Useful background knowledge

There is more than one kind of fermentation but a condition that holds for all is that they occur underwater. In the case of yogurt culture, the term used is   ‘lacto- fermentation’ (despite its title the process  has nothing to do with milk).

Dynamic Fermentation is a specific .application for yogurt-making with non-dairy milk with the advantage that a number of problems  are ‘designed out’.

 

Traditional yogurt-making:

 

Heat milk to 80 degrees C for several minutes.

 

 

Allow to cool to 35-40 degrees

 

 

Add starter culture of live bacteria

 

 

Stir thoroughly to ensure dispersal of starter

 

 

Cover with a clean cloth

 

 

Leave several hours in a warm, draught-free place.

 

 

At the end of this time the milk will be replaced by curds and whey (raw yogurt);  the curd is extracted by straining through a double layer of cheesecloth or similar.

Finally all equipment involved in transfer of milk is sterilised by washing in hot soapy water.

 

How is Dynamic Fermentation different?
Dynamic Fermentation is a safe method of making yogurt with non-dairy milk ONLY. Once the gallery has been primed (see separate section) and the amount of milk the tube will hold has been found, there are only four stages:          

            Dilute the soya milk

            Fix a kitchen funnel in the top of the tube and add the milk

            Place a tub to catch the yogurt harvest when the spigot is opened.

            Leave the new batch of milk in the tube long enough for it to be turned into yogurt.

The scheme is much simpler, more easily managed and free of complicated temperature controls than the traditional method and is suitable for families and small groups. It is however only suitable for use with non-dairy milk.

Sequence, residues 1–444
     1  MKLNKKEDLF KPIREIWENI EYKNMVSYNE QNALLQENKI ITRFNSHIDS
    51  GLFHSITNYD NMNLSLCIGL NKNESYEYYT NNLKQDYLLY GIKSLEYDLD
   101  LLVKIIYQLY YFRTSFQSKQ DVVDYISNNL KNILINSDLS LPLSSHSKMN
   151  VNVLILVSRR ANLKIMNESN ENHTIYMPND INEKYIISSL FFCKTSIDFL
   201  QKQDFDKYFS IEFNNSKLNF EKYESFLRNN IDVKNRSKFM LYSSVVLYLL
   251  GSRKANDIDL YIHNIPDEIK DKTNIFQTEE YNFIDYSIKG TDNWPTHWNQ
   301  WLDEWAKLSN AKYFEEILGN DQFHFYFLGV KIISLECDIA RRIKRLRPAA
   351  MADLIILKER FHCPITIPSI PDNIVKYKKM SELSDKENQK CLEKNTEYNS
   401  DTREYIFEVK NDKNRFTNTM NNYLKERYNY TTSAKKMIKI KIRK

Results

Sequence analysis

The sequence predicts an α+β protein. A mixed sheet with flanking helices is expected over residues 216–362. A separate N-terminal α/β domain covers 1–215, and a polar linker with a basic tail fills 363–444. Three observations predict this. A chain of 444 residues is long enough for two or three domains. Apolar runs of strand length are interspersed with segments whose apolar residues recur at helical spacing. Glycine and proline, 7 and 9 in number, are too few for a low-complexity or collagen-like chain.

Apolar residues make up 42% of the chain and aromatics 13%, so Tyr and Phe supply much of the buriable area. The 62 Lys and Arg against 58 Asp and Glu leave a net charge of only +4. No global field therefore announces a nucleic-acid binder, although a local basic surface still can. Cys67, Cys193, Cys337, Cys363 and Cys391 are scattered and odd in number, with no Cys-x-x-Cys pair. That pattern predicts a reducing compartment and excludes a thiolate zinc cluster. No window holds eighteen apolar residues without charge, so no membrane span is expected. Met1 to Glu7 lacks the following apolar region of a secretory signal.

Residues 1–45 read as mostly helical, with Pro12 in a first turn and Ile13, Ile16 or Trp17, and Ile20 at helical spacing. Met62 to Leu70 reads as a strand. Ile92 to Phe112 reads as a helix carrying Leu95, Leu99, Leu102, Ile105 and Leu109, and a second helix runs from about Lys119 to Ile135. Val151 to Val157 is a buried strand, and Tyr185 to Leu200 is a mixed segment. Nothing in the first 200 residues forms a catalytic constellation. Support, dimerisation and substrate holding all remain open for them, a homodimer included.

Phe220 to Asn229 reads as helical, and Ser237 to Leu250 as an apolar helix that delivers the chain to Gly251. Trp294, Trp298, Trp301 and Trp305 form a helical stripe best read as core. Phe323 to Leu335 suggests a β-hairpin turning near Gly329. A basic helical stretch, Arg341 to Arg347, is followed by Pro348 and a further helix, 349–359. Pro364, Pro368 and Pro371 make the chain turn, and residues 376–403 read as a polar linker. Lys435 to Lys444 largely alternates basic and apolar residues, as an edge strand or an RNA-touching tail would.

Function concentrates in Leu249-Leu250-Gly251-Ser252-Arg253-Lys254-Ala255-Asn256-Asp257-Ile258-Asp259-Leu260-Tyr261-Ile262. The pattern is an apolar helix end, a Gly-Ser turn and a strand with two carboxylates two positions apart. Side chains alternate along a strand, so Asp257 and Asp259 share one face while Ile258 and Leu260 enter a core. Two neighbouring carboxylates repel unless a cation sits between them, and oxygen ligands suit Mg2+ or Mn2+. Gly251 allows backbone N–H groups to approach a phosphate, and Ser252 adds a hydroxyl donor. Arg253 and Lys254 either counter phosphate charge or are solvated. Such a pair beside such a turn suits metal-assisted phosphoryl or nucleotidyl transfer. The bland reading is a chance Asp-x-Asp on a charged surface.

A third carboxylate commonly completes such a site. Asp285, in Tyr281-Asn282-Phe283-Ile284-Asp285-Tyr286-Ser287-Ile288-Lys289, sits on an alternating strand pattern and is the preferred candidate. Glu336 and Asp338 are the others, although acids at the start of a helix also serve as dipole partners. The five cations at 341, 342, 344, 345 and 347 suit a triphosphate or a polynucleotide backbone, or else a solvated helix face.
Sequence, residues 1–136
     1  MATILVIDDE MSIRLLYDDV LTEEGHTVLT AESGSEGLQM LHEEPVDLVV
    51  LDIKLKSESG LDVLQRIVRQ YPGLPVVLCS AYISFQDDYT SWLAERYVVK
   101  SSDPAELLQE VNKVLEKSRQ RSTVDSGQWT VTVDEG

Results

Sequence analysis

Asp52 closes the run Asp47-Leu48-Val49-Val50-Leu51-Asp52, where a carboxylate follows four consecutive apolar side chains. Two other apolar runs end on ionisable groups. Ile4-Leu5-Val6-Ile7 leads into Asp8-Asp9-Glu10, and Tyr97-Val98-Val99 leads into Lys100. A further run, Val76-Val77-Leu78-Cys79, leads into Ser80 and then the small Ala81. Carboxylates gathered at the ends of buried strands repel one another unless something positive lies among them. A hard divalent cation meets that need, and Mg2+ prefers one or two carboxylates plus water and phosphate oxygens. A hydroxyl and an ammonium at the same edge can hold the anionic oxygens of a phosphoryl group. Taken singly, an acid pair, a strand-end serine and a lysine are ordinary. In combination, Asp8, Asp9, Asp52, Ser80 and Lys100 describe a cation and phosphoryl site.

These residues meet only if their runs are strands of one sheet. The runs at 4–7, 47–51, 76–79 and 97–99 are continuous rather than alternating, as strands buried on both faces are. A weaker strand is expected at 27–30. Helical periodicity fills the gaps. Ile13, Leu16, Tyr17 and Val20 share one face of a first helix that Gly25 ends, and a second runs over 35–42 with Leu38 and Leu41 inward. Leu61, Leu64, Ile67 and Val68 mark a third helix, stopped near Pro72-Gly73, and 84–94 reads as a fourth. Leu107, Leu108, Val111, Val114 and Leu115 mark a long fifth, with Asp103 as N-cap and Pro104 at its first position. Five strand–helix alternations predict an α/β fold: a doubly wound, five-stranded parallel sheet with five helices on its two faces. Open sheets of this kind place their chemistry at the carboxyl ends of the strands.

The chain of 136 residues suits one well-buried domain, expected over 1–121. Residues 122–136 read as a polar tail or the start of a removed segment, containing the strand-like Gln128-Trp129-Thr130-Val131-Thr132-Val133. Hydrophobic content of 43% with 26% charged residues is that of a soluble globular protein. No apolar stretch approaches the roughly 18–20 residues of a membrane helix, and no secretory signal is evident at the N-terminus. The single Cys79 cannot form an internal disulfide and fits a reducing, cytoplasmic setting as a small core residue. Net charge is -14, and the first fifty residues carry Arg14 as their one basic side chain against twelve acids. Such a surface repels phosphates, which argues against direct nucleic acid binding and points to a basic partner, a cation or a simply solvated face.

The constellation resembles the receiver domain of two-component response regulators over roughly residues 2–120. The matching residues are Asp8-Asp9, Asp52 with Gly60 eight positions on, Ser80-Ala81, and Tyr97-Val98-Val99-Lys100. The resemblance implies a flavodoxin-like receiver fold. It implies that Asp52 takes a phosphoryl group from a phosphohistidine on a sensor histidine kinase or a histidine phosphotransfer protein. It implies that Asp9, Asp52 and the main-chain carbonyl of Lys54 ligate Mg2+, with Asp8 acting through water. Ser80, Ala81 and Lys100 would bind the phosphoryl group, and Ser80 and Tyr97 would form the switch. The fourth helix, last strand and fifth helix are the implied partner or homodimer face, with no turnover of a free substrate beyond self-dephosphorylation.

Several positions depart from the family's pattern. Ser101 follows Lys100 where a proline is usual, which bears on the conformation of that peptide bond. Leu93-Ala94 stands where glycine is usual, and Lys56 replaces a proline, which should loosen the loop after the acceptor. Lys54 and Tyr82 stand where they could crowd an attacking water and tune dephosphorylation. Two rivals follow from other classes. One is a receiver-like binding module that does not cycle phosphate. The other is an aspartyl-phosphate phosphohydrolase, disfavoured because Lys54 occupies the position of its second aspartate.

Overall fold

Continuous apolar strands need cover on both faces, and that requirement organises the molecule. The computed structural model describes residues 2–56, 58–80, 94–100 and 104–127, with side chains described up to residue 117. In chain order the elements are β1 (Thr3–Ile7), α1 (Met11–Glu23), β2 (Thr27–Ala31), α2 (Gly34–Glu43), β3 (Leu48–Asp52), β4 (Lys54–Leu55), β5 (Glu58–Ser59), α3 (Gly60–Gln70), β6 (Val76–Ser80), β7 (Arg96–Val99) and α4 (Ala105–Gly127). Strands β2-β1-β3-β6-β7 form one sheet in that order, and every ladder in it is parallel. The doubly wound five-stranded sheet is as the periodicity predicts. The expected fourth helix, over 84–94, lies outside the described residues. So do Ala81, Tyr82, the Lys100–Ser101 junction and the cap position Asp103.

Dairy and Non-dairy milk 
By tradition, yogurt making was a way of preserving the food value of milk at times of plenty. Gengis Khan was an early enthusiast who  recommended yogurt for the health of his troops.

The big change over the past decade has been the arrival of non-dairy milk made from plants. Dynamic Fermentation was developed using soya  milk as the most widely available non-dairy milk, though it seems highly probable that the same process could be applied to other non-dairy milk sources.

Non-dairy milk is made directly from plants and has the advantage that – unlike dairy milk –  it has a fixed, simple composition. Dairy milk is a blood product which therefore includes many biologically active natural ingredients such as hormones that must be destroyed by heating in order to render it safe for consumption.  Organic non-dairy milk has the additional advantage that it is free from residual pesticides, antibiotics and other undeclared ingredients regularly administered by vets, which as well as being harmful to health could interfere with yogurt-forming bacterial activity.

 

Fermentation and lacto-fermentation
The word ‘fermentation’ can mean either:

  • the process used in brewing for the production of alcohol using yeast (a fungus) in the presence of air

           or

  • the process by which certain bacteria turn milk into yogurt in the absence of air

The pathways for each are quite different and in order to help distinguish between the two  the process involving bacteria is technically  called  ‘lacto-fermentation’, where ‘lacto’ refers to lactic acid, an important product of the process (and has nothing to do with dairy milk). Lacto-fermentation is a natural process that preserves food value when oxygen has been used up; if air is present this delays the start of fermentation while the oxygen is used up.

 

To summarise, this website describes a new and simpler way of producing non-dairy yogurt that is more appropriate for  vegan/ non-dairy varieties of milk. In the text that follows, where the word ‘fermentation’ arises, the word is used as short-hand for lacto-fermentation. Where ‘milk’ is mentioned, this refers to non-dairy milk.

 

Fermented vegetable cuisine: Kimchi from Korea and yogurt from your kitchen
Dynamic Fermentation has much in common with the fermentation of vegetables, as practised  for generations in many countries including Germany (home of ‘Sauerkraut’)  and Korea (where ‘Kimchi’ originates). Like Dynamic Fermentation, all are based on lacto-fermentation;  other examples are given here.